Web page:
The importance of form to Stravinsky would be hard to overestimate. (The subtitle of these lectures is, again, carefully chosen.) It is fairly common in treatments of musical fundamentals to take tonality as one of the principal organizing features of music. This Stravinsky rejects. Instead he uses the phrase “poles of attraction” to describe what is fundamental to music. The tonal system is but one example of a “pole of attraction”, and not a necessary one. More fundamental is musical form itself, and more fundamental still is melody, which “survives every change of system”.

Form was important to him in part because it imposed limits. “If everything is permissible to me… [then] every undertaking becomes futile,” he says. Using the example of fugue to illustrate his point, he argues for the paradoxical view that “we find freedom in strict submission to the object”. By limiting our choices, we are better able to act. He contends that “strength is born of constraint and dies in freedom”, citing da Vinci, but he might have cited almost any pre-modern authority, for this view, jarring to modern ears, was a commonplace of pre-modern ethics. In applying the point here to art and aesthetics, I expect he intended exactly this jarring effect.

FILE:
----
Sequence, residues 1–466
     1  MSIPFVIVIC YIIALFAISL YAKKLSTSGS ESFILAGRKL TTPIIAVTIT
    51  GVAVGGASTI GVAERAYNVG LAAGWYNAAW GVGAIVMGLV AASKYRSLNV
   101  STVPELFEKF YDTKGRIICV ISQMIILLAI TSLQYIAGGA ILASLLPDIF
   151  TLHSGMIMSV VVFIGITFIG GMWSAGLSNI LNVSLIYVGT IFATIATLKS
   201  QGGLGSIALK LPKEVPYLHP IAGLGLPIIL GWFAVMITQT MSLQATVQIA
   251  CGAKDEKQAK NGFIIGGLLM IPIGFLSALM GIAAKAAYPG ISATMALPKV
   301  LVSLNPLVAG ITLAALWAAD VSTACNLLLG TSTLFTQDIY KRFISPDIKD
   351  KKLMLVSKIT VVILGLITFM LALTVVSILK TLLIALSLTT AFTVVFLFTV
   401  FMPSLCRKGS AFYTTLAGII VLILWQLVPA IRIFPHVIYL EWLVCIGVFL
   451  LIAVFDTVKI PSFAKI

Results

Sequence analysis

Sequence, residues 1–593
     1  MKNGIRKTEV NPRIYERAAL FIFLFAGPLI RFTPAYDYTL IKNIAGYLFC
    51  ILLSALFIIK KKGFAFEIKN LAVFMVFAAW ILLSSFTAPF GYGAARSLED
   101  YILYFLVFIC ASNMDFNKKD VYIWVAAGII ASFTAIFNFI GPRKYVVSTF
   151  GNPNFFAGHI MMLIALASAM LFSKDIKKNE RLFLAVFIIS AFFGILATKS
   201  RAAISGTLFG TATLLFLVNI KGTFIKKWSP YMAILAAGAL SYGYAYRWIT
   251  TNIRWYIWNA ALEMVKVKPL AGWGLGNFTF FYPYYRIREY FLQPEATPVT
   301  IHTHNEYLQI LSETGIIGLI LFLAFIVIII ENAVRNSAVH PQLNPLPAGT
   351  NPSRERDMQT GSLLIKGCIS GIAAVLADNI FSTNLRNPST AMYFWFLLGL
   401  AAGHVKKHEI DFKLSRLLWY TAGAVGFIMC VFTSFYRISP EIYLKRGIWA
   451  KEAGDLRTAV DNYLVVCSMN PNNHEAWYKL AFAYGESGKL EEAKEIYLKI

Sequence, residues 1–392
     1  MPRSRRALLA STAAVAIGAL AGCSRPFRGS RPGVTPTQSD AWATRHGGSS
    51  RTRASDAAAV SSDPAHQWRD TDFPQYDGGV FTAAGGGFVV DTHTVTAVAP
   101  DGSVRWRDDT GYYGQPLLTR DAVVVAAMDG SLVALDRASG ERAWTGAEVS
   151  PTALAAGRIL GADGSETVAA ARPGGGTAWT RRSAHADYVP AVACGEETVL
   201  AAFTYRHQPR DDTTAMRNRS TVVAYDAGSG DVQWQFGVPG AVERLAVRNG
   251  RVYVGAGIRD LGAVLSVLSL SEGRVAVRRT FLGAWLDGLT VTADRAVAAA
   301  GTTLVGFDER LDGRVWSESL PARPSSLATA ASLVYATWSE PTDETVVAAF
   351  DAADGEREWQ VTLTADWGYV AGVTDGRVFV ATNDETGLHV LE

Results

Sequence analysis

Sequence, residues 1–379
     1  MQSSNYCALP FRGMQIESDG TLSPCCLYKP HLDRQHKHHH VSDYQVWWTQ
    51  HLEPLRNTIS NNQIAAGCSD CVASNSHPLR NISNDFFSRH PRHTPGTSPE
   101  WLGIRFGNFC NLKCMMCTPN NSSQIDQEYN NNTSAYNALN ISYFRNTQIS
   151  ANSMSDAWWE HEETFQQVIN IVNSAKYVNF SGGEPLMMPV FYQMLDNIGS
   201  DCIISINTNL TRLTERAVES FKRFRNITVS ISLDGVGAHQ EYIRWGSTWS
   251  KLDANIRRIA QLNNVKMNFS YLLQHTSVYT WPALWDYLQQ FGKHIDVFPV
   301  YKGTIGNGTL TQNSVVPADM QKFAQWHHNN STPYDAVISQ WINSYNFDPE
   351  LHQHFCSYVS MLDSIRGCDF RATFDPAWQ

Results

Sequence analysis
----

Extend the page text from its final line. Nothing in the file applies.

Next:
A principal means by which this process of limitation takes place is tradition, which hands down a set of musical forms and techniques for the composer’s use, and part of his task is to appropriate this tradition, imposing it, as he says, upon himself. He is aware that twentieth century music, especially in the person of his arch-nemesis Schoenberg, ruptured the tradition of Western music, and he describes with, it seems, barely controlled fury the plight of the man thus bereft of his inheritance:

“Individual caprice and intellectual anarchy, which tend to control the world in which we live, isolate the artist from his fellow-artists and condemn him to appear as a monster in the eyes of the public; a monster of originality, inventor of his own language, of his own vocabulary, and of the apparatus of his art. The use of already employed materials and of established forms is usually forbidden him. So he comes to the point of speaking an idiom without relation to the world that listens to him. His art becomes truly unique, in the sense that it is incommunicable and shut off on every side […].